Gippsland Lakes is in dire straits

11 August 2022

The future health of Gippsland Lakes, an internationally recognised Ramsar wetland, lies firmly in the hands of the Victorian and Commonwealth governments, writes senior EJA lawyer Ellen Maybery.

As a Party to the Ramsar Convention, Australia has a responsibility to maintain the ecological character of the Gippsland Lakes Wetland site, to have procedures and monitoring in place to detect threats to the Lakes and to take action to protect its ecological character.

This responsibility is shared by the federal and Victorian state governments: the Commonwealth is bound under international law to meet this obligation and Victoria is responsible for practical implementation.

However a new CSIRO report, commissioned by the Department of Agriculture, Water and the Environment and released in recent weeks, provides some insight into the potential fate of the Gippsland Lakes Wetland site.

"If current management approaches are maintained – what might be described as sleep-walking into ecosystem collapse – the outcome will be a far more impoverished and far less biologically diverse place."

Ellen Maybery, Senior EJA lawyer

The report focuses on the vulnerability of the Gippsland Lakes Ramsar site to bushfire and other impacts of climate change. It confirms that Gippsland Lakes faces a broad range of threats, including pollution from activities like mining and agriculture, residential and commercial development, invasive species and bushfires.

In addition, the report finds it is abundantly clear that climate changes and sea-rise that could occur in coming decades could change the ecology of the system and challenge the site’s Ramsar listing. The report identifies a long list of knowledge gaps in relation to the Gippsland Lakes Ramsar site, including a gap in understanding of the dynamics of ecological change in the wetland system.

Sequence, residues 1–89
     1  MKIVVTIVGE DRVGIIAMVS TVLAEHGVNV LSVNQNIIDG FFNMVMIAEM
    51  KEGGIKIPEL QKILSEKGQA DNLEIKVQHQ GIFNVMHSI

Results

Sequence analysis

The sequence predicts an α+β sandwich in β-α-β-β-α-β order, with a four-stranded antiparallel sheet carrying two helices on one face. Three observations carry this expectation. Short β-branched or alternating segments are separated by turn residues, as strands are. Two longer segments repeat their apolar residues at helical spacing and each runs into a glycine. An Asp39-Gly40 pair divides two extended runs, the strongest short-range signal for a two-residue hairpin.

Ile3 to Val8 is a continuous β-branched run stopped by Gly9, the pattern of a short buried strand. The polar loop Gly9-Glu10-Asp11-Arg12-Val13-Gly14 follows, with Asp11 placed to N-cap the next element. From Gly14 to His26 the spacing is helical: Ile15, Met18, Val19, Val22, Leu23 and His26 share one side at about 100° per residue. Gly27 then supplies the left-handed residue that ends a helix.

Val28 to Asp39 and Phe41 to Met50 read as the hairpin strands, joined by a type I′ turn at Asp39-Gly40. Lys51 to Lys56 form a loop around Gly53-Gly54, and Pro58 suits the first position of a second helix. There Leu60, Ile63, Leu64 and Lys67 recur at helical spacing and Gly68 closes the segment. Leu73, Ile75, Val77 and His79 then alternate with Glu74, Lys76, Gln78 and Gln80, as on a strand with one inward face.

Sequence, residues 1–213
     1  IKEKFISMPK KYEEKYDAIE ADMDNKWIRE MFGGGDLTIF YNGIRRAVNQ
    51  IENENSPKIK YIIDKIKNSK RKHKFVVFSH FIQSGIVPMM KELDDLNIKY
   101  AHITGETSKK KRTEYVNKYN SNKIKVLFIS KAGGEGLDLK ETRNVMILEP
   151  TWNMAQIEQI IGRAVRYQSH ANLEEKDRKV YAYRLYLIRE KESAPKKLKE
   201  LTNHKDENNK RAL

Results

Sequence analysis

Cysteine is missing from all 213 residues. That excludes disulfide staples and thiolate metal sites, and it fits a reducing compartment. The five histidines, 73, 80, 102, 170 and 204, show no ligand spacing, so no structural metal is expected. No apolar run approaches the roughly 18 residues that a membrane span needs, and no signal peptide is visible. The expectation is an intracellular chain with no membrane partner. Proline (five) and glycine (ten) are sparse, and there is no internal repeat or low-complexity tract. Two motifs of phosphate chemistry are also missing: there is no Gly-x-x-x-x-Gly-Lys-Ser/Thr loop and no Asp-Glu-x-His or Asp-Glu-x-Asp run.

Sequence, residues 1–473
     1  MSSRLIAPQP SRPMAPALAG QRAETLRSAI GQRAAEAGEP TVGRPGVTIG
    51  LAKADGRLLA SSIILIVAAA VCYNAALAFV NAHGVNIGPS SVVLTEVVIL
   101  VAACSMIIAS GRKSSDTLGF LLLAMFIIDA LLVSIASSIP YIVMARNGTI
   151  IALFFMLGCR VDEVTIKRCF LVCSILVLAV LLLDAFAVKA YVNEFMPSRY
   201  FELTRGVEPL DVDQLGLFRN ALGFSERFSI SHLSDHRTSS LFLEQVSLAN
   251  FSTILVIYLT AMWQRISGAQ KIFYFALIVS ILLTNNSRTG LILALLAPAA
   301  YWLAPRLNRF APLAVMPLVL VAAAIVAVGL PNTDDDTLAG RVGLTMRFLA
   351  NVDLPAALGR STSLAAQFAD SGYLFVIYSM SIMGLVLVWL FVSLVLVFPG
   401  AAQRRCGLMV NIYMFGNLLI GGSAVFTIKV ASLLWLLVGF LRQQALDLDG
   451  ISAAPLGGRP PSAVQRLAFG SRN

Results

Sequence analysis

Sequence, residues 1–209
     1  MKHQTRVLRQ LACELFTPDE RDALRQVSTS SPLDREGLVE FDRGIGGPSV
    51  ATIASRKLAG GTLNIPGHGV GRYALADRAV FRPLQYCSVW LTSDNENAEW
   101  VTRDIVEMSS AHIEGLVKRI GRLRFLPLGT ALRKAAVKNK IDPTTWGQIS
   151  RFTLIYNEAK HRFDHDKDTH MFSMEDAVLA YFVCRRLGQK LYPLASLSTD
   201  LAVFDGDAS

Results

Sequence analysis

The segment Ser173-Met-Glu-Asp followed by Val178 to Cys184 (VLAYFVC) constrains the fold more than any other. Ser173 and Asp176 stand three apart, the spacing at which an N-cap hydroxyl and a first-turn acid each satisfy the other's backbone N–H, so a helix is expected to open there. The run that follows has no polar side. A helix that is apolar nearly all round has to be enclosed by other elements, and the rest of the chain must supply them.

It also notes that its initial assessment lacked input from Traditional Owners about how ecological change would impact them.

The CSIRO report finds:

1. The 2019-20 bushfires polluted the Gippsland Lakes

Record-high sediment and pollutant loads were found due to runoff into rivers flowing into Gippsland Lakes. Pollutants from the fires included a contaminant plume that lasted months. Combined with high water temperatures, such impacts can lead to large-scale fish kills, loss of other aquatic species and toxic algal bloom.

2. Bushfire recovery activities are having little, if any direct impact for Gippsland Lakes

Most bushfire recovery activities in the region are for burned areas and are having little, if any, direct impact on the Gippsland Lakes Ramsar Site.

3. Climate has been changing and is expected to continue to change.

Average annual temperatures and number of hot days in the Gippsland Lakes region has increased significantly and climate projections show things will only get hotter and for longer. Rainfall is declining and drought is common. There will be more frequent extreme sea-level events. Forest fires have become larger and more frequent in the region and future fire seasons are expected to start earlier and last for longer, with less time for recovery. Evaporation rates are increasing.

4. The Gippsland Lakes system is vulnerable to climate change – is it at (another) tipping point?

The headline conclusion of this report is that the ecological character of Gippsland Lakes will likely change. Appropriate management, including research and monitoring, is required if the site is to continue to meet all of its current Ramsar wetland criteria. Climate change is producing an ‘emerging policy and technical challenge for the implementation of the Ramsar Convention’.